Brief personal background, education, career, bio:
You could say my roots run deep in Pelican Rapids, and you’d be right! Though Pelican Rapids prepared me to find success anywhere, I’m Rural By Choice and Pelican by choice. All four of my grandparents farmed and raised families in Pelican Rapids, and my parents chose to raise their family here. In 1998, I graduated from PRHS, and I earned my bachelor’s degree in elementary education from Concordia College, Moorhead, MN, master’s degree in educational leadership from Southwest State University, Marshall, MN, and district/school administration licenses from Minnesota State University, Moorhead, MN. In 2020 my husband Darin and our family moved back into the Pelican Rapids School District. Together, we have six children, ages 14 to 24, with four who are still attending Pelican Rapids High School: an 8th grader, a 10th grader, and two seniors.
In addition to being a parent, I have invested the past twenty years of my career as a teacher, principal, adjunct professor, and educational director in rural communities. I am currently employed by Lakes Country Service Cooperative in Fergus Falls as the director of the Western Lakes Regional Center of Excellence. Our team supports districts and schools across MN to improve outcomes for all students.
Please explain your motivation for seeking the Pelican Rapids School Board seat.
The school and community of Pelican Rapids played a major role in making me the person I am today. My hometown gave me the opportunity to learn leadership, community, hard work, dedication, family, and stewardship. Rural education has had my heart all my life. Our current school board members and administrators deserve thanks for responding to incredible challenges over the past years; no easy task. As a grateful community member, I believe it is time for me to give back to my community by serving the families and young people of Pelican Rapids via a seat at the School Board table. My promise is to work hard to fully represent the voices and perspectives of the Pelican Rapids community in school board decisions.
What do you see as the opportunities and challenges in the Pelican district?
I am a champion for Pelican Rapids and the progress the district has made. Looking into the near future, I see even further opportunities to raise involved and skilled citizens. When we engage our young people to use their voices, experiences, and perspectives to inform community and district planning as engaged partners, we are vesting in citizen development. As engaged partners, youth join into conversations with community leaders, and we all work together to educate the whole child, develop relationships, and honor the young people we serve and who we hope will move back and give back to the Pelican Rapids district and community.
Increasing enrollment is named as a district priority, and one I see as a tremendous opportunity. Students and families vote with their feet (enrollment). In the last three years, approximately 200 students left the Pelican Rapids district to open enroll into districts around the region, while only an average of 20 students open-enrolled into the Pelican Rapids school district from other communities. When students leave Pelican Rapids, the state aid leaves with them. That means Pelican Rapids missed out on an average of 1.2 million dollars per year due to students and families choosing to open-enroll out. The burning question is why students choose to leave, followed by what we can do to keep our young people and families engaged in our district, and how we will work together to address needs, so Pelican Rapids area students choose Pelican Rapids.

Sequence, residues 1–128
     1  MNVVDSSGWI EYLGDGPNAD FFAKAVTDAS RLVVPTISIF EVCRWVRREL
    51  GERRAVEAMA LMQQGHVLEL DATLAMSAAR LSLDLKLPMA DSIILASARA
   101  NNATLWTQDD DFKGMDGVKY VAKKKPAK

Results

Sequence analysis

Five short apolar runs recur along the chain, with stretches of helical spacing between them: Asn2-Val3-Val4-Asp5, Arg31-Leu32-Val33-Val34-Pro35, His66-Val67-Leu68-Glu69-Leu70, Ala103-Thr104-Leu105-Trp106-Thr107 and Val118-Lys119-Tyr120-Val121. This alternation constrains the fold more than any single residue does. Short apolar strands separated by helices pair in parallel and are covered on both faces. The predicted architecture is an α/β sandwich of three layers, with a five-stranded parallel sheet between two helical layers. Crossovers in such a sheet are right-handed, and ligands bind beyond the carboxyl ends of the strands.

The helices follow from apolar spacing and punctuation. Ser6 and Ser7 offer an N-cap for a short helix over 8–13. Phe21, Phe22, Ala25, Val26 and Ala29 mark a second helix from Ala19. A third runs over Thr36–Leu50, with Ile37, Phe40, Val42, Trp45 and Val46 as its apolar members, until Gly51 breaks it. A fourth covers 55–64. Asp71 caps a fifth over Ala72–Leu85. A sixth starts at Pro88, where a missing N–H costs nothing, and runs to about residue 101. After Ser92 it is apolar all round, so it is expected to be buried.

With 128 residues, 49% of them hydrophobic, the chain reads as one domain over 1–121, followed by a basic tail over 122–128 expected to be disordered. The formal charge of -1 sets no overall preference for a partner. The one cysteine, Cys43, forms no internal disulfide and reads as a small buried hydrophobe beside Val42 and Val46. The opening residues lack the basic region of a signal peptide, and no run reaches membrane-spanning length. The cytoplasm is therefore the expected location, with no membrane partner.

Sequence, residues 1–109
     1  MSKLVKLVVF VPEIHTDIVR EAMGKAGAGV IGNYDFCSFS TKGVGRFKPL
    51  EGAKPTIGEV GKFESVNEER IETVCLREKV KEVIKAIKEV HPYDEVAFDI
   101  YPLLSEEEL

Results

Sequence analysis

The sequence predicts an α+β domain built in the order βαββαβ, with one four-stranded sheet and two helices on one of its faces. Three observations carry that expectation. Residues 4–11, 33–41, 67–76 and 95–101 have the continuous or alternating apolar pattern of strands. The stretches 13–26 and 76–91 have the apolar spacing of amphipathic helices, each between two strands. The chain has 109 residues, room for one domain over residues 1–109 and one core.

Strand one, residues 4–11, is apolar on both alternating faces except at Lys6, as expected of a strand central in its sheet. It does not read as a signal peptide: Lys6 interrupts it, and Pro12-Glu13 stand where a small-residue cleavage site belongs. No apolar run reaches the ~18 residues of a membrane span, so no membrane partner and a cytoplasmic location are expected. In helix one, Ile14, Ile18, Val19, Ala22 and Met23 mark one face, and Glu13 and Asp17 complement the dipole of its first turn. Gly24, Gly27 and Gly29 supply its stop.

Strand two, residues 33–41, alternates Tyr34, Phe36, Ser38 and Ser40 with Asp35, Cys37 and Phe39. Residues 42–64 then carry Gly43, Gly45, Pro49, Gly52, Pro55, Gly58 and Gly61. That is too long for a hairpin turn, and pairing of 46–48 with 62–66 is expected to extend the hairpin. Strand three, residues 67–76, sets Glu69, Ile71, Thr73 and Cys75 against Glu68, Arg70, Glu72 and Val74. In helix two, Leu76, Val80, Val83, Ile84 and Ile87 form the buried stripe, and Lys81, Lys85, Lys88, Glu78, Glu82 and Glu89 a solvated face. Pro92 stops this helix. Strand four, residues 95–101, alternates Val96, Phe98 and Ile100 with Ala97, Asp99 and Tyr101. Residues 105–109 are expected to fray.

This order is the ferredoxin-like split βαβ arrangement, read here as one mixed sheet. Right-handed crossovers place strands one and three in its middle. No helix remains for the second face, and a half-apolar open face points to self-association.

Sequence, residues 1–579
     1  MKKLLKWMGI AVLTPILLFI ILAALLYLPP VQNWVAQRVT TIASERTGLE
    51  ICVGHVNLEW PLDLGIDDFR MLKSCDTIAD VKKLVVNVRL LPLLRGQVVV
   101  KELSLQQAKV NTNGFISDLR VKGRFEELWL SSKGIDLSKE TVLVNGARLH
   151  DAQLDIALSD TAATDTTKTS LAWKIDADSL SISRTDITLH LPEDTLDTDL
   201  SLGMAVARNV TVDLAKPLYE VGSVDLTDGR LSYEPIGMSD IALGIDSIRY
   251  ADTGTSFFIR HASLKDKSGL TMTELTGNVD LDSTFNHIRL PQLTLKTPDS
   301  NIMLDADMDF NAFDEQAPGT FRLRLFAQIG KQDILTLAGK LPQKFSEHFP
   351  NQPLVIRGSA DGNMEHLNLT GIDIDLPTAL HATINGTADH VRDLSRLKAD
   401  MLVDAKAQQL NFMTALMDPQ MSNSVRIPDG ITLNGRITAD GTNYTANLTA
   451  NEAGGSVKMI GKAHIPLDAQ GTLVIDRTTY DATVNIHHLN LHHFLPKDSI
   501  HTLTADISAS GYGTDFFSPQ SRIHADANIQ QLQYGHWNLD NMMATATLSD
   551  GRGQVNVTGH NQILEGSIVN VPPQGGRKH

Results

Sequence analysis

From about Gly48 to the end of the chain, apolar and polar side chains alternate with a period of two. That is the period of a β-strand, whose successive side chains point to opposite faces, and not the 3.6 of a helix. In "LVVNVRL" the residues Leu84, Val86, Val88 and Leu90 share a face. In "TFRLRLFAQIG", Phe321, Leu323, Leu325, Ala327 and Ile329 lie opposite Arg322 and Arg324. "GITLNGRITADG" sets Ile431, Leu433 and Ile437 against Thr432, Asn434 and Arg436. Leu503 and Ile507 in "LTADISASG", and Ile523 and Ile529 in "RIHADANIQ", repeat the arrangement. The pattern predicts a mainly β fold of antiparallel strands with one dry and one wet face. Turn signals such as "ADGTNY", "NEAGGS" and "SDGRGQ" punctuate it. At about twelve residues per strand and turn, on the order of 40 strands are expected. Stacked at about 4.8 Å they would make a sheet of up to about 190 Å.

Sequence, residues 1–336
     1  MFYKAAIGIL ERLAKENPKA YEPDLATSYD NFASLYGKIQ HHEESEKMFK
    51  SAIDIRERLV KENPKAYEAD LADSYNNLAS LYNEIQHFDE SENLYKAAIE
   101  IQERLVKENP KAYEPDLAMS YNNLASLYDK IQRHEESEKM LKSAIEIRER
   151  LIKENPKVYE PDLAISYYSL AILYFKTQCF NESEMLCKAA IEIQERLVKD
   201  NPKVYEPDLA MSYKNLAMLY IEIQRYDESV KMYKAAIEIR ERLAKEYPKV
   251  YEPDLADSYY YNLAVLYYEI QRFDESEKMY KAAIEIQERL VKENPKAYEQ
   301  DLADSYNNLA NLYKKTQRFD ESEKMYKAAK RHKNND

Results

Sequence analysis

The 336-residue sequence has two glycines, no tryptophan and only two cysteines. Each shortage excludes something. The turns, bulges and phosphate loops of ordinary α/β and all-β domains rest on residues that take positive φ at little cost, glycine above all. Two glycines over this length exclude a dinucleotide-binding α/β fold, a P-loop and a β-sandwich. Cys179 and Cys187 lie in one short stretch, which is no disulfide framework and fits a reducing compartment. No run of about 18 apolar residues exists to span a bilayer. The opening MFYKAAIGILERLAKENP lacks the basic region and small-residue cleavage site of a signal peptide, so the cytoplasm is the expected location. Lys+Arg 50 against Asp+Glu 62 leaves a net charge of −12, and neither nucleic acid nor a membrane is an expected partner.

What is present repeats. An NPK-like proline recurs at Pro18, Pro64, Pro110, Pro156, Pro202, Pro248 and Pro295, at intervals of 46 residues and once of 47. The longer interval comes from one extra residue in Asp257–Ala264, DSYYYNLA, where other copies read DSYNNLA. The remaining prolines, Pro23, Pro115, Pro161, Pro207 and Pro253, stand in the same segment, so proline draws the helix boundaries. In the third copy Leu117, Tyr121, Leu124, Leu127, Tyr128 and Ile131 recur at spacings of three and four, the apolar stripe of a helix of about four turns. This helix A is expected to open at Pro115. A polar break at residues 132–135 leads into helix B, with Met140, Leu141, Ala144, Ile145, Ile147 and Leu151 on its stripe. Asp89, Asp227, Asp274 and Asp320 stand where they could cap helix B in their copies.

Another area of interest is the district’s five-year graduation rate, which averages 87%, with the district goal to improve our graduation rate to 95%. We may assume students drop out when they reach high school, yet research shows students begin disengaging long before their senior year. What can we learn from students who elect to walk away before completing high school, and how can we ensure family engagement begins in preschool and carries throughout the school career? Together, we can solve both open enrollment out and improve high school graduation rates.
Within any of these priorities, as well as other issues that come to the fore, the community of students, families, and teachers can provide tremendous insight. Listening sessions with each group would help clearly define the problems prior to designing solutions. A secondary rich source of information lies in the MN Student Survey data, where our students share their perspectives and experiences. If our priorities are community engagement, increasing enrollment, and increasing our graduation rates, I believe our young people, our families, and our teachers and staff can be great advisors to improving these outcomes.